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Hacking with devstack in a VM


When I first started working on OpenStack I spent too much time trying to find a good development environment. I even started a series of blog posts (that I never finished) talking about how I rolled my own development environments. I had messed around with devstack a bit, but I had a hard time configuring and using it in a way that was comfortable for me. I have since rectified that problem and I now have a methodology for using devstack that works very and saves me much time. I describe that in detail in this post.

Run devstack in a VM

For whatever reason, there may be a temptation may be to run devstack locally (easier access to local files, IDE, debugger, etc), resist this temptation.  Put devstack in a VM.

Here are the steps I recommend for your devstack VM

  1. Create a fedora 18 qcow2 base VM
  2. Create a child VM from that base
  3. Run devstack in the child VM

In this way you always have a fresh, untouched fedora 18 VM (the base image) around for creating new child images which can be used for additional disposable devstack VMs or whatever else.

Create the base VM

The following commands will create a Fedora 18 base VM.

qemu-img create -f qcow2 -o preallocation=metadata devstack_base.qcow2 12G
virt-install --connect qemu:///system -n devstack_install -r 1024 --disk path=`pwd`/devstack_base.qcow2 -c `pwd`/Fedora-18-x86_64-Live-Desktop.iso --vnc --accelerate --hvm

At this point a window will open that looks like this:


Simply follow the installation wizard just as you would when installing Fedora on bare metal.  When partitioning the disks make sure that the swap space is not bigger than 1GB   Once it is complete run the following commands:

sudo virsh -c qemu:///system undefine devstack_install
sudo chown <username>:<username> devstack.qcow2

Import into virt-manager

From here on I recommend using the GUI program virt-manager.  It is certainly possible to do everything from the command line but virt-manager will make it a lot easier.

Find the Create a new virtual machine button (shown below) and click it:virt-manager_new_vm_circle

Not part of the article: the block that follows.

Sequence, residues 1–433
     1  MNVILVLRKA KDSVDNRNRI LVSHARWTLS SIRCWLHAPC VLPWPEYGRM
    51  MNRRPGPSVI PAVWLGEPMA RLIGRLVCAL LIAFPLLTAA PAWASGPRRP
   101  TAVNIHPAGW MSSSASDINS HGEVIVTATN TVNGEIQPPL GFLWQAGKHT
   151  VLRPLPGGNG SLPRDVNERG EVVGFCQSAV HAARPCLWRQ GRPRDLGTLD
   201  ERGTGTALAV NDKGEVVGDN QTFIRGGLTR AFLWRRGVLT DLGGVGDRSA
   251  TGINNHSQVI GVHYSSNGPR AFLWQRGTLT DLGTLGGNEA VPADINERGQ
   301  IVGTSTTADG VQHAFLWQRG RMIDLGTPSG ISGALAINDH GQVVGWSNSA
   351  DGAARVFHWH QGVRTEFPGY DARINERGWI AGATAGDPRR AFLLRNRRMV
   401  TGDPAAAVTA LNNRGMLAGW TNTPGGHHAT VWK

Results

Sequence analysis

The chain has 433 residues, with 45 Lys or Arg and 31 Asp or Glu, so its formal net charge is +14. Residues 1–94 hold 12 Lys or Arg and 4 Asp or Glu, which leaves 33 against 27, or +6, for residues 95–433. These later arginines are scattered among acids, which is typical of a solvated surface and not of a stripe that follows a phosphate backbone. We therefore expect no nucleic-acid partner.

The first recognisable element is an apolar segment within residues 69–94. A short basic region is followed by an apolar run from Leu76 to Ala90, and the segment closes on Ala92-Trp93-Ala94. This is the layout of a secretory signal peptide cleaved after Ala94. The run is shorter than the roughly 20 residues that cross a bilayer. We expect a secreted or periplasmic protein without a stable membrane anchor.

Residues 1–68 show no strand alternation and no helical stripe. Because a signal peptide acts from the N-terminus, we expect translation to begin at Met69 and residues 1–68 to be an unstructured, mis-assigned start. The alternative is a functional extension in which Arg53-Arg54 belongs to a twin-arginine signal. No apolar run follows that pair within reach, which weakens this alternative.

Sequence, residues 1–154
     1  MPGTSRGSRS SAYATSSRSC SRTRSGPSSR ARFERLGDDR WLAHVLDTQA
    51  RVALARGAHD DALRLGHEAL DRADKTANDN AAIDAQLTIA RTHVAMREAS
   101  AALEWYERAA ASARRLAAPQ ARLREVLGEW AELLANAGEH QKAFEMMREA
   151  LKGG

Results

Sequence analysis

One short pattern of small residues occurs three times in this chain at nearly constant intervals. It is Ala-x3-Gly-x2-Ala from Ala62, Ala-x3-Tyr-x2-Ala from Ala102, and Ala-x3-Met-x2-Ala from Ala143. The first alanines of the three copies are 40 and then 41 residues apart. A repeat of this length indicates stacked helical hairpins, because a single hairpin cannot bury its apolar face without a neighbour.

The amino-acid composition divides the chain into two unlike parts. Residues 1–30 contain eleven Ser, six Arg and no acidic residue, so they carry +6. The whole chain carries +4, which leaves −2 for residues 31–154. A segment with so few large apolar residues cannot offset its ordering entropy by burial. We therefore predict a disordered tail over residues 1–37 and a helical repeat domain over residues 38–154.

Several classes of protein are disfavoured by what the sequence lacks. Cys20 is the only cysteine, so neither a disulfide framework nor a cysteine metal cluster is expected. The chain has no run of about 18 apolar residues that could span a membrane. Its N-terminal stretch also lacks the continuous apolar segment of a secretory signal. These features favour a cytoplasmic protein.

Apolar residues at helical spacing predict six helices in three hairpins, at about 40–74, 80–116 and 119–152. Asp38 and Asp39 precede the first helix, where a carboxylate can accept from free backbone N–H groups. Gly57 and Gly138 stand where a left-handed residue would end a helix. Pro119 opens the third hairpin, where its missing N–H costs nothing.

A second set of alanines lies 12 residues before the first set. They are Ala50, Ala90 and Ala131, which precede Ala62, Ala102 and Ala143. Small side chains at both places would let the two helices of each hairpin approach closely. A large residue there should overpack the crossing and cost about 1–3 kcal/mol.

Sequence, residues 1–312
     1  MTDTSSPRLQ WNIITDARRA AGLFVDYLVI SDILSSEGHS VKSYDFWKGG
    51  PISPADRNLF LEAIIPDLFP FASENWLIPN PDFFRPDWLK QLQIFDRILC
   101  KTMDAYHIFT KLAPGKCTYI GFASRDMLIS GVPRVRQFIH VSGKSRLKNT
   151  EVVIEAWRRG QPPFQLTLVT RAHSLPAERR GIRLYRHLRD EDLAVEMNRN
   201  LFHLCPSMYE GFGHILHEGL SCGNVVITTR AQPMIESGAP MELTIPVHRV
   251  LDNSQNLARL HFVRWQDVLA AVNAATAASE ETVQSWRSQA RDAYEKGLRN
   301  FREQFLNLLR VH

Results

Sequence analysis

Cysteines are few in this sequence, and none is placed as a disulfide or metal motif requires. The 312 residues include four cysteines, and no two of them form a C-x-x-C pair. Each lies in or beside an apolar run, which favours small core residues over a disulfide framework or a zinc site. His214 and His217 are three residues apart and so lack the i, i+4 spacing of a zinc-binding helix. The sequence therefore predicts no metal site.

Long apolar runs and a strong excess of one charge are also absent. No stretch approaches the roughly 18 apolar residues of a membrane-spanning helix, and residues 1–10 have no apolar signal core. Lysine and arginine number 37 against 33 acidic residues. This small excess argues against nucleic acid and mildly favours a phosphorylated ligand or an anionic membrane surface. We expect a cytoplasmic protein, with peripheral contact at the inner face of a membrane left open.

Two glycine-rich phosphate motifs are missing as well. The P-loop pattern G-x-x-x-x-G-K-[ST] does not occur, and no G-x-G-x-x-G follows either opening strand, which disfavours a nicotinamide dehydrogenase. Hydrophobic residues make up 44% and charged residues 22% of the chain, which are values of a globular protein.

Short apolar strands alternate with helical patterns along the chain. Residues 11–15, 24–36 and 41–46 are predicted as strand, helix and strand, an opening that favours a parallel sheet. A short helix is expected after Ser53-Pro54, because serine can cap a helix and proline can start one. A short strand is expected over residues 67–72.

This will open a wizard that will walk you through the process.  In the first dialog click on Import existing  disk image as shown below


Once this is complete run your base VM.  At this point you will need to complete the Fedora installation wizard.

Before you can ssh into this VM you need to determine its IP address and enable sshd in it.  To do this log in via the display and get a shell.  Run the following commands as root:

sudo service sshd enable
sudo  service sshd start

You can determine the IP address by running ifconfig. In the sample session below note that the VMs IP address is


ssh into the VM and install commonly used software with the following commands:

ssh root@
yum update -y
yum install -y python-netaddr git python-devel python-virtualenv telnet
yum groupinstall 'Development Tools'

You now have a usable base VM. Shut it down.

Create the Child VM

The VM we created above will serve as a solid clean base upon which you can create disposable devstack VMs quickly.  In this way you will know that your environment is always clean.

Create the child VM from the base:

qemu-img create -b devstack_base.qcow2 -f qcow2  devstack.qcow2

Again import this child into virt-manager.  Configure it with at least 2GB of RAM. When you get to the final screen you have to take additional steps to make sure that virt-manager knows this is a qcow2 image.   Make sure that the Customize configuration before install option is selected (as shown below) and the click on Finish.


In the next window find Disk 1 on the left hand side and click it.  Then on the right hand side find Storage format and make sure that qcow2 is select.  An example screen is below:


Now click on Begin Installation and your child VM will boot up.  Just as you did with the base VM, determine its IP address and log in from a host shell.

 Install devstack

Once you have have the VM running ssh into it.  devstack cannot be installed as root so be sure to add a user that has sudo privileges.  Then log into that users account and run the following commands (note that the first 2 commands are working around a problem that I have observed with tgtd).

mv /etc/tgt/conf.d/sample.conf /etc/tgt/conf.d/sample.conf.back
service tgtd restart
git clone git://
cd devstack